How appropriate that a fun and cheery day out should start at my favourite of ALL the London Stations - St Pancras of course! Naturally any visit to this fantastic old Victorian masterpiece of architecture involves a wander across to pay ones respects to Mr Betjeman - did you know he was largely responsible for saving the station when there were plans to demolish it?  I'm glad he did - he certainly deserves his spot in the upstairs concourse, admiring the wonderful vaulted roof..., Mr B greeted, it was time to head off to the other end of the station to procure a cuppa and find my train...

...there's mine in the middle - do you see? Final destination Sheffield, which was indeed where I was headed, to meet two cheery internet-friends - just for a day out, nothing specific. The plan had originally been for a couple of other chums to come across and meet us as well, sadly real life, dog sitting and poorly tooths got in the way there - another time, hopefully!

Sheffield itself is a lovely city, with a mix of fine old buildings, intelligently and attractively designed new ones, lots of water features, a lovely Winter Gardens, and some stunning parks. We went for a wander around one of them....

Just look at the variations in colour in that picture. That is one of the University buildings - the law school I believe I was told. If you're going to study law, it would be nice to do so in such a lovely building, wouldn't it!

Just round another corner, and this tree leapt out at us and demanded to be photographed. Naturally we obliged - how could you possibly ignore something so, well, RED?!

Here it is again from a little closer up - a blaze of colour above, and on the ground where the leaves are falling too. Is it any wonder I love Autumn? We're lucky to have some fantastic open spaces where I live too, so I can imagine that the people of Sheffield really appreciate these parks.

One final one before we move on to the other important parts of the day...

Tea! And CAKE! Not all mine I hasten to add - none of us could decide which cake to have so we bought a slice of each of those that we especially liked the look of , and split them three ways. The tea was mine though - we had one of those each! See that on the right - that was Chocolate Orange Crunch - or something like that - and it was utterly delicious.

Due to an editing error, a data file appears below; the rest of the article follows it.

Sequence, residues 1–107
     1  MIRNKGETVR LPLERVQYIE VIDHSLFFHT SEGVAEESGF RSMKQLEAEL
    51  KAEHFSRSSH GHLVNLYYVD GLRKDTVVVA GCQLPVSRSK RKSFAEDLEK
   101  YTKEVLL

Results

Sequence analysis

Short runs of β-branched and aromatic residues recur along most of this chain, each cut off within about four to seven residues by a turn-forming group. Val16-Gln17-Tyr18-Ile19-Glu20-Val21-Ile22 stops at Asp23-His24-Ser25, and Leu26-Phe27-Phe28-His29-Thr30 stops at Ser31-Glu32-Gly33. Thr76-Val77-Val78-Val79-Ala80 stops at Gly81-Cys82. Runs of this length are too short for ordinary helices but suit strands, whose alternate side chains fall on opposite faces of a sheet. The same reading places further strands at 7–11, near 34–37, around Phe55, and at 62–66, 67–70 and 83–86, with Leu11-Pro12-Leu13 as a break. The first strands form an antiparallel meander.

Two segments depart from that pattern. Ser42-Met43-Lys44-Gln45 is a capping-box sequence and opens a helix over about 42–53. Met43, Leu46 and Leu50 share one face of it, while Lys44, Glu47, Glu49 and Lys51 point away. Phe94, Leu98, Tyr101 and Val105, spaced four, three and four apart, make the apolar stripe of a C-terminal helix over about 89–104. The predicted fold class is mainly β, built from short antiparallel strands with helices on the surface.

There was also a lovely lunch in a cafe that we thought was going to be called one thing, but turned out to be called something different - very tasty food though - a ride in a Paternoster Lift which was rather fun - and that, coming from me, is quite something, as I am REALLY not a lift fan - lots and lots of walking, lots and lots of chat, and finally dinner in a pub, with some beer. (There are pictures of none of those things, you will notice. There IS one picture of the Paternoster lift, but that has me in it, so the chances of it appearing on here - or indeed anywhere else - are pretty slim!)

Final shot of the day is this rather wonderful  water feature just outside the station - marvellous, eh?!


Sunday 21 October 2012

For Today...


Outside my window...darkness is falling, along with a gentle drizzle.

I am thinking... that as so often happens, I am trying to do too many things at once, and as a result am completing none of them!

I am thankful... that I have some fantastic friends - all of whom can add something of value to a debate or conversation.

In the kitchen... the bread machine will be on shortly, with dough for rolls for our lunches this week.

I am wearing... cow-print PJ bottoms and a warm, cosy fleece which cost me the princely sum of £1 in a charity shop!

 I am creating...This blog post!

 I am going...Absolutely nowhere! It is Sunday evening and I am staying right where I find myself. Warm & cosy.

 I am wondering...Which of my several "jobs-on-the-go" I should go on to next...

 I am reading... "When I heard the Bell" - the story of Britains second-worst peacetime disaster after the Titanic - involving a ship I bet none of you have ever even heard of - the Iolaire.

 I am hoping...for good weather next weekend for my trip down to Devon to see my Mum-In-Law.

 I am looking forward to...My trip down to Devon next weekend to see my Mum-In-Law!

 I am play the clarinet. Again. It would have been easier if I hadn't given it up for the last 30 years.

 Around the's quiet - MrEH is out picking rosehips, sloes and crabapples. The cat is sleeping.

 I am pondering...Whether "pondering" is the same as "wondering", and if so, whether the question 6 above this one, and this one itself, should have the same answer?

 A favorite quote for today...Honestly? I'm not good on quotes. Sometimes one leaps out at me, but only sometimes - I don't have a fund of them handy for every occasion!

 One of my favorite things...The fantastic autumn colour around us at the moment.

 A few plans for the rest of the week: Work, clarinet lesson, fab train journey to Devon.

A peek into my day...

Why not join in with your own "For Today" over at The Simple Womans Daybook


Friday 19 October 2012

Frugal Friday...

**Apologies, there are no photos with todays post, due to circumstances beyond our control. the ciurcumstances are a complete lack of organisation leading to a shortfall of time. Normal service shall be resumed shortly. **